# Graphs and Digraphs (Fifth Edition)

Gary Chartrand, Linda Lesniak and Ping Zhang,

CRC Press, 2010, 598 pp.

This is the fifth edition of a classic text in graph theory. Originally published in 1979, the first edition was authored by Mehdi Behzad, Gary Chartrand and Linda Lesniak. This latest edition continues to be helmed by Chartrand and Lesniak, with the addition of Ping Zhang from the fourth edition onwards. The passage of years has only served to increase the quantity and improve the quality of the material found between the two covers.

The book is divided into twelve chapters and covers quite comprehensively, the field of graph theory. The topics include degree sequences, connectivity, Eulerian and Hamiltonian graphs, tournaments, network flows, nowhere-zero flows, planarity, graph embeddings, vertex colorings, map colorings including chromatic polynomials, matchings, factorisation, domination, edge colorings and extremal graph theory. The target audience is made up by the advanced undergraduate and the beginning graduate. The book is extremely readable to the student with mathematical maturity. The coverage, style, rigour and depth of the book all amply help to fulfill its stated objective of describing the story of graph theory in terms of its concepts, theorems, applications and history.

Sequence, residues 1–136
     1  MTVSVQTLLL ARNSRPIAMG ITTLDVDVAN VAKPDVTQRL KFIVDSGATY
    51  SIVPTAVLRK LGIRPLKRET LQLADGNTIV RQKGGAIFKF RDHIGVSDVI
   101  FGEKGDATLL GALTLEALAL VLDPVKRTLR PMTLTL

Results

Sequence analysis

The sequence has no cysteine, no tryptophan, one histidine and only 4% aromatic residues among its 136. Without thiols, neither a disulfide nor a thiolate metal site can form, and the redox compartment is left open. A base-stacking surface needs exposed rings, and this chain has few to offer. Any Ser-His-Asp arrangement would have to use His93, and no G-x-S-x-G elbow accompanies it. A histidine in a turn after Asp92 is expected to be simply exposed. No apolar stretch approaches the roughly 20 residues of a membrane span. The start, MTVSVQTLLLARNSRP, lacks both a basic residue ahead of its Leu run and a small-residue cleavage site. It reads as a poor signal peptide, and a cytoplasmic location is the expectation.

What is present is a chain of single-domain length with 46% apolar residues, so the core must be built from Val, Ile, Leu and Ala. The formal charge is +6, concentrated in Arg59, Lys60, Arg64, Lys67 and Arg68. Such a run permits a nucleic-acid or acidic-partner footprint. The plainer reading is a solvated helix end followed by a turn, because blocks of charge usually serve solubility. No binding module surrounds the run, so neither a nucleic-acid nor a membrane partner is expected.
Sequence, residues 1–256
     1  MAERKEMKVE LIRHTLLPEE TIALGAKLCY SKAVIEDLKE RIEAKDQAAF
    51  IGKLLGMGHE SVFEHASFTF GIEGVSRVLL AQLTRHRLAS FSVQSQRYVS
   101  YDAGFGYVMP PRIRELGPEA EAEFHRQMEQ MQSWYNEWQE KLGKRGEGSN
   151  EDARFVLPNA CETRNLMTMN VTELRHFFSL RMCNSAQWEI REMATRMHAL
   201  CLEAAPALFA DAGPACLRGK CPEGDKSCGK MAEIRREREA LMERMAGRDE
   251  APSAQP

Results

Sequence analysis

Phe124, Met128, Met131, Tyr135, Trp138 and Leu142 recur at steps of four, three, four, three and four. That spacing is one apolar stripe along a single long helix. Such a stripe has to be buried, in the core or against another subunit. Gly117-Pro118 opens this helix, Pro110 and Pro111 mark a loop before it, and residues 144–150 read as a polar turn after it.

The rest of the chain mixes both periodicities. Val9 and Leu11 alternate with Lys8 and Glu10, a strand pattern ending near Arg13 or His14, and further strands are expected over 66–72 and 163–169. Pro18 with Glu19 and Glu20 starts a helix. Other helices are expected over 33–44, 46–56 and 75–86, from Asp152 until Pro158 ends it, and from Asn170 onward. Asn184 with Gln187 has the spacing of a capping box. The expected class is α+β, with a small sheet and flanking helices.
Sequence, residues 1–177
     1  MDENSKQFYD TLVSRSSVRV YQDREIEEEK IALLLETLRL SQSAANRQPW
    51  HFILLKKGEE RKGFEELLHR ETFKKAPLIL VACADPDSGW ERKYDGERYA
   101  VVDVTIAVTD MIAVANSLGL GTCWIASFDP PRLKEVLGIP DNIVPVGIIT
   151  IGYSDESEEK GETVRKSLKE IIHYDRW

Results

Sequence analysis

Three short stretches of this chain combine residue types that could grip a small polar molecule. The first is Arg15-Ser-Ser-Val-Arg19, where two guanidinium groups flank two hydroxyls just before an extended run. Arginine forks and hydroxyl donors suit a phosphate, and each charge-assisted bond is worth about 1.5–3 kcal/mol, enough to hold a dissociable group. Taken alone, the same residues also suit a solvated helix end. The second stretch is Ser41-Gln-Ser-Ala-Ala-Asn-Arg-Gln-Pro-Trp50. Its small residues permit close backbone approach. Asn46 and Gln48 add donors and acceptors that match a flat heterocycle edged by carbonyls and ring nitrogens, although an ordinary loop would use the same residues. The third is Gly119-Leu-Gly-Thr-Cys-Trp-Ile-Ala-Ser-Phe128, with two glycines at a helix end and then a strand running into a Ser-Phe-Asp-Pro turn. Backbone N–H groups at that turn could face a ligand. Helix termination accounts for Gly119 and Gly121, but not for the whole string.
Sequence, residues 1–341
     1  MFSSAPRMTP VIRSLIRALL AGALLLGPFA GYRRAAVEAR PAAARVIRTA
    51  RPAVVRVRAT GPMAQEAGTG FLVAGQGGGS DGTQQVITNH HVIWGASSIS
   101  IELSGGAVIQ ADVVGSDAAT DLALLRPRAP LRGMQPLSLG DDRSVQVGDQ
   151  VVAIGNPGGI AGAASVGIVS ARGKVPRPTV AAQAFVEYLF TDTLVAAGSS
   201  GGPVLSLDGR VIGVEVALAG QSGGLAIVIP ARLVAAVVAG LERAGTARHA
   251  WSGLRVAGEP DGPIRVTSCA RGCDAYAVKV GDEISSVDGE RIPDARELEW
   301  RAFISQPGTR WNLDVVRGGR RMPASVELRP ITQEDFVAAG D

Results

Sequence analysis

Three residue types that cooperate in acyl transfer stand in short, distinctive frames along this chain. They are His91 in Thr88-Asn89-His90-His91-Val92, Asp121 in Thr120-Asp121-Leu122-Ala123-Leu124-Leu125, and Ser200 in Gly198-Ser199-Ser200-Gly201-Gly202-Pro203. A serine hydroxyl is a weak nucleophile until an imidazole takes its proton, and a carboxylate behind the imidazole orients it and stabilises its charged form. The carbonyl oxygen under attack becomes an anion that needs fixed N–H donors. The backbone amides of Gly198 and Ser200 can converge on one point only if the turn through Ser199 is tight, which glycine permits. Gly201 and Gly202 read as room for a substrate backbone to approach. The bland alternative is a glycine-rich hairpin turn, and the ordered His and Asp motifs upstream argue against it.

In comparison with the fourth edition, the fifth edition has much more in it. There is expanded or new coverage in a number of topics. There are more examples and exercises. The book has adapted its notation to what is currently the norm among graph theorists. (Although different notations can be viewed as extra “training” for the budding mathematician, familiar notations across different texts make reading much smoother.) We are particularly pleased that the historical discussions of mathematicians and problems have been expanded. This certainly makes the book live up to its claim of describing the story of graph theory for without history, there is no story. However, we have one small concern — the bibliography is rather outdated, and although one can understand that many references were made in historical contexts, further references to state-of-the-art research surveys and books will positively link the interesting history to the exciting present. Up-to-date references are also important for the beginning graduate, so that he knows which areas of graph theory he can do fruitful research in.

**K. M. Koh**

National University of Singapore, Singapore,

**E. G. Tay**

National Institute of Education, Nanyang Technological University, Singapore.

*Source:- Asia Pacific Mathematics Newsletter, Volume 1 No. 2 (April 2011).*

*It has been republished here with a special permission from World Scientific.*